After the whites, pinks and pastel purples of spring, the gardens are now hot with summer color, leading to bouquets such as this:
I’ve had a long love affair with Echinacea, and my new flower crush is definitely Hot Papaya, a double coneflower in the most unbelievably vibrant orange you’ve ever seen, these pictures don’t do them a lick of justice. And the flowers last a long time: these have been in the garden 2 weeks with the same blooms that came home from the nursery, Rudolph Gardens, at the crazy price of $6.25 each. I bought ten. I couldn’t help it.
I have a stand of them right outside my dining room windows, next to a clump of not-yet-bloomed Black-Eyed Susans, and a mess of Drumstick alliums. Drumsticks as you can see bloom much later in the season, in a very nice red-purple color. At the base of the Echinacea is some Mirabilis, or Four O’Clocks (so called because the flowers don’t open until mid-afternoon). This kind is called “Limelight” – it has chartreuse leaves and bright magenta flowers. I grew them from seed two years ago and they have just re-populated themselves like crazy. Every year seedlings show up and I just move them wherever I want that hit of lime-green foliage.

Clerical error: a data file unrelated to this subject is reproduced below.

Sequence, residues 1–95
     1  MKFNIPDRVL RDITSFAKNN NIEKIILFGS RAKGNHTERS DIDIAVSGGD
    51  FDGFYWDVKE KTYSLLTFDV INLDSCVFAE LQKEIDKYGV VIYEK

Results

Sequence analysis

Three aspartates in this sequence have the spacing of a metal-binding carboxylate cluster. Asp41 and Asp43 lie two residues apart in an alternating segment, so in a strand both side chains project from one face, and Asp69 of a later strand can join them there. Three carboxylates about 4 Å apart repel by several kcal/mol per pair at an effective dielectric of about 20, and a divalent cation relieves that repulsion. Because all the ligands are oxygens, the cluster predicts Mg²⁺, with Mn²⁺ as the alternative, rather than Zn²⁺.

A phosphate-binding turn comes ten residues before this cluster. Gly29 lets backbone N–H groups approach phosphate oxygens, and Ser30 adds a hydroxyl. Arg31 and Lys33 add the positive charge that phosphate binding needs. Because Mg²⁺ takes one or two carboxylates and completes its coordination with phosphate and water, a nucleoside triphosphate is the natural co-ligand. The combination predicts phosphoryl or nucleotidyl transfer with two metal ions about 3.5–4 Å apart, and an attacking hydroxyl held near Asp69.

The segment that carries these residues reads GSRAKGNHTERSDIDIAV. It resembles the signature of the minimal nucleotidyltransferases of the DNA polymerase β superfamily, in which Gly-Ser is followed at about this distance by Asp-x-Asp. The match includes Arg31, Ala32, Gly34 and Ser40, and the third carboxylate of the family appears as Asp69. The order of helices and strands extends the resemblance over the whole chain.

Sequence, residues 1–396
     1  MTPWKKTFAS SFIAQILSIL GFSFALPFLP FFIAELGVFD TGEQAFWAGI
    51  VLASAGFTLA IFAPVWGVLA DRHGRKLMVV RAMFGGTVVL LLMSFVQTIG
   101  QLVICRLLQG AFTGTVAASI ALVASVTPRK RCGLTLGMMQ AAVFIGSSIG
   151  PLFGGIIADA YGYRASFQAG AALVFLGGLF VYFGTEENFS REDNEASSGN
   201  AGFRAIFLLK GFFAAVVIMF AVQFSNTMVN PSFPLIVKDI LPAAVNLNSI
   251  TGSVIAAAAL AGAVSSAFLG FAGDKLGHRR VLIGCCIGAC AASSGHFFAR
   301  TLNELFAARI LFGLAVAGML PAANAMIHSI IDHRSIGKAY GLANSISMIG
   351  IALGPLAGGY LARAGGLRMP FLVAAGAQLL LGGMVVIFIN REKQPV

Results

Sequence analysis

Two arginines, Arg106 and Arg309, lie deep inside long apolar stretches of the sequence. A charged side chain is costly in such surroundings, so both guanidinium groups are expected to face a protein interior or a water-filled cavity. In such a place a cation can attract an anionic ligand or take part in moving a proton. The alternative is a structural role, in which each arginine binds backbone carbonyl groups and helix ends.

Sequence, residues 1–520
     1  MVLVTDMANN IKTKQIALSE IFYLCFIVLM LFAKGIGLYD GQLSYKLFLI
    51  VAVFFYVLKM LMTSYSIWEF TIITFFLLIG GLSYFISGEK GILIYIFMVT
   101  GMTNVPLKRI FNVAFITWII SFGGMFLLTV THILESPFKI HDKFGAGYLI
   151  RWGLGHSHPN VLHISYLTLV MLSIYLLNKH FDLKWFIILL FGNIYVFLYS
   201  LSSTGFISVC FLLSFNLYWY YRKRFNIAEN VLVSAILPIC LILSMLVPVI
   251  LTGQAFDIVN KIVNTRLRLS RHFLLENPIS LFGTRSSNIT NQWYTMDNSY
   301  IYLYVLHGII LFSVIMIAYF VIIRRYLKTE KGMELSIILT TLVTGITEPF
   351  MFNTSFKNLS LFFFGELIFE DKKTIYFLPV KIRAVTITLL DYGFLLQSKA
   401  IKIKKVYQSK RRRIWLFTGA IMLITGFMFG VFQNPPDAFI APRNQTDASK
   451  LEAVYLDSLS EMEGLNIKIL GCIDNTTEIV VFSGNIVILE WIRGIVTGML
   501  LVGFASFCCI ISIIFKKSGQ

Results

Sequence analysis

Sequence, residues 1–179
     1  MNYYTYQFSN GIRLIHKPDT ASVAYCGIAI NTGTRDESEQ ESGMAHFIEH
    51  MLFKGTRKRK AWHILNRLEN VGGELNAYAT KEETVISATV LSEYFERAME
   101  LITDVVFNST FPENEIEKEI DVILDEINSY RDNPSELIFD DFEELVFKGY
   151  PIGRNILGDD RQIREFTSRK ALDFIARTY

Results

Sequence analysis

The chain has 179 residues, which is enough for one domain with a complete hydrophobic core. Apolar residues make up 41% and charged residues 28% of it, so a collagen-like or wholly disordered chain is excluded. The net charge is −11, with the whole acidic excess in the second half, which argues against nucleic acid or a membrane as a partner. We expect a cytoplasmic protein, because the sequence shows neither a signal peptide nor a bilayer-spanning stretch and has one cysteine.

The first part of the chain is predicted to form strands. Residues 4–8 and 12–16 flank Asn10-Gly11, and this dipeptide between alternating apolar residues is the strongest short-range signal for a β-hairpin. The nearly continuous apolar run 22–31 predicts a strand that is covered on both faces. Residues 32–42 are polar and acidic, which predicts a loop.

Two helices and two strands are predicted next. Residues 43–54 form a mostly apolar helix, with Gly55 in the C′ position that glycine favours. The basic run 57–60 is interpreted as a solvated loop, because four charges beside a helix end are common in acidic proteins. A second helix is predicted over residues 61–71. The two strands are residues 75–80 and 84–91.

There are another 2 planted in the stone wall just below the dining room windows, with some Veronica, and I love the purple spears coming up next to the orange pom-poms.
Then over here in the garden bed I call Bramasole (meaning “to yearn for the sun,” because all the plants grow tilted over to one side as they reach for the sun’s rays that aren’t quite so strong on this side of the house), I have 5 more Papayas growing with a big clump of yellow Coreopsis which is stunning. The silvery, prickly things right behind are Eryngium Giganticum, or Sea Holly, “Miss Wilmott’s Ghost,” which looks superb next to the orange. It’s a great filler flower but I don’t use it in bouquets much because it’s hard to handle.
Here’s some regular pink Echinacea with another big clump of Drumstick Allium coming up behind.
And this clump of coneflowers grows with Monarda “Raspberry Wine”. Right up above it is one plant of Echinacea “Mango Meadowbrite” next to one that’s in the “Big Sky” series but I forget if it’s “Twilight” or “Sundown.” There’s all clumps of Nepeta (catmint) at the base of them but it’s been sheared down recently. It’s resting.
Hmmm…Now that I’m looking at these pictures it’s occurring to me that Redman may have left some smudgy fingerprints on my camera lens. Do you see that? Oh well…it’s still hot.